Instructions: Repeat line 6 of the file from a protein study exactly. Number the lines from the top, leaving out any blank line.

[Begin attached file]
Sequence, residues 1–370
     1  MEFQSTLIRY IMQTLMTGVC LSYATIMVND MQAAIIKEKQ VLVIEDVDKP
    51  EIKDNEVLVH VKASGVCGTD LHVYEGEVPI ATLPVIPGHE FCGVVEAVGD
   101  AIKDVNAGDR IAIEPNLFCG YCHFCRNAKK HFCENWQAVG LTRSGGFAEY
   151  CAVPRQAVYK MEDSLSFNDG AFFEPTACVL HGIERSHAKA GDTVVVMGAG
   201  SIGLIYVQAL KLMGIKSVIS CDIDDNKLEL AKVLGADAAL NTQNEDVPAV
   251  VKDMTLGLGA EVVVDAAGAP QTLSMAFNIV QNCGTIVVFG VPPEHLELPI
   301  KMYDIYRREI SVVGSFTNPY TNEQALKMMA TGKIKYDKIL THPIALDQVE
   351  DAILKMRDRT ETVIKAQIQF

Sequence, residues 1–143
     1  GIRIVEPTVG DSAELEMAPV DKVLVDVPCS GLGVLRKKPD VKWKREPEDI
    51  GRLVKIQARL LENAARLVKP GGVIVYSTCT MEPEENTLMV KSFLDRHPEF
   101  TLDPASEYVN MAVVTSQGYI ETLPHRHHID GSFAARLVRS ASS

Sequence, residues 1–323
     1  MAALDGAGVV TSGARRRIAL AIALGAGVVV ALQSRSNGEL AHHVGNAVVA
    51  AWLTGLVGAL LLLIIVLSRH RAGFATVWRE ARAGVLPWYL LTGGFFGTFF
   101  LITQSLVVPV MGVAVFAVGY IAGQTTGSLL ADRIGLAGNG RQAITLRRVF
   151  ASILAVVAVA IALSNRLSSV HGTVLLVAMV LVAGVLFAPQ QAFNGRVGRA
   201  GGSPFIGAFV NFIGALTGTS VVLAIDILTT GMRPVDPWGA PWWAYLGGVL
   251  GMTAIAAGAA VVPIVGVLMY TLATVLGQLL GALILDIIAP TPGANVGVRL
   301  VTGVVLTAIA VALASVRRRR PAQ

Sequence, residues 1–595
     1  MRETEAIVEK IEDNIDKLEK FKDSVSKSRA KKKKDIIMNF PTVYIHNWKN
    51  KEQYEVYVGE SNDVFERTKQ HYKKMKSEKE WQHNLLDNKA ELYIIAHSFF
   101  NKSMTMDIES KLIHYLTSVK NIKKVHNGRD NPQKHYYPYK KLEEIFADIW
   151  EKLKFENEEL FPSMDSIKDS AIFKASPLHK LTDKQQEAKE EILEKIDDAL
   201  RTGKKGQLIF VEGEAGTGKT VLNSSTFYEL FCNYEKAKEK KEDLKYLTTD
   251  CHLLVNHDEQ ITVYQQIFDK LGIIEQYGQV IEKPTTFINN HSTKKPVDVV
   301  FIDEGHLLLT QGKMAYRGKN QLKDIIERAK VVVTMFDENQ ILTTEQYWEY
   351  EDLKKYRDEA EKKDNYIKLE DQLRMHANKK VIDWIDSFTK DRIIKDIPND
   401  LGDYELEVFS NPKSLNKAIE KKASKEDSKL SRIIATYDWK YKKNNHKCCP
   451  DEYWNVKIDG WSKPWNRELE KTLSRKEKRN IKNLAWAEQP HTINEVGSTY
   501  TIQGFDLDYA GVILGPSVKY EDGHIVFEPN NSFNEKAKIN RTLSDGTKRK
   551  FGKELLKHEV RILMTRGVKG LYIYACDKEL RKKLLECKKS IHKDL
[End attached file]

   201  SIGLIYVQAL KLMGIKSVIS CDIDDNKLEL AKVLGADAAL NTQNEDVPAV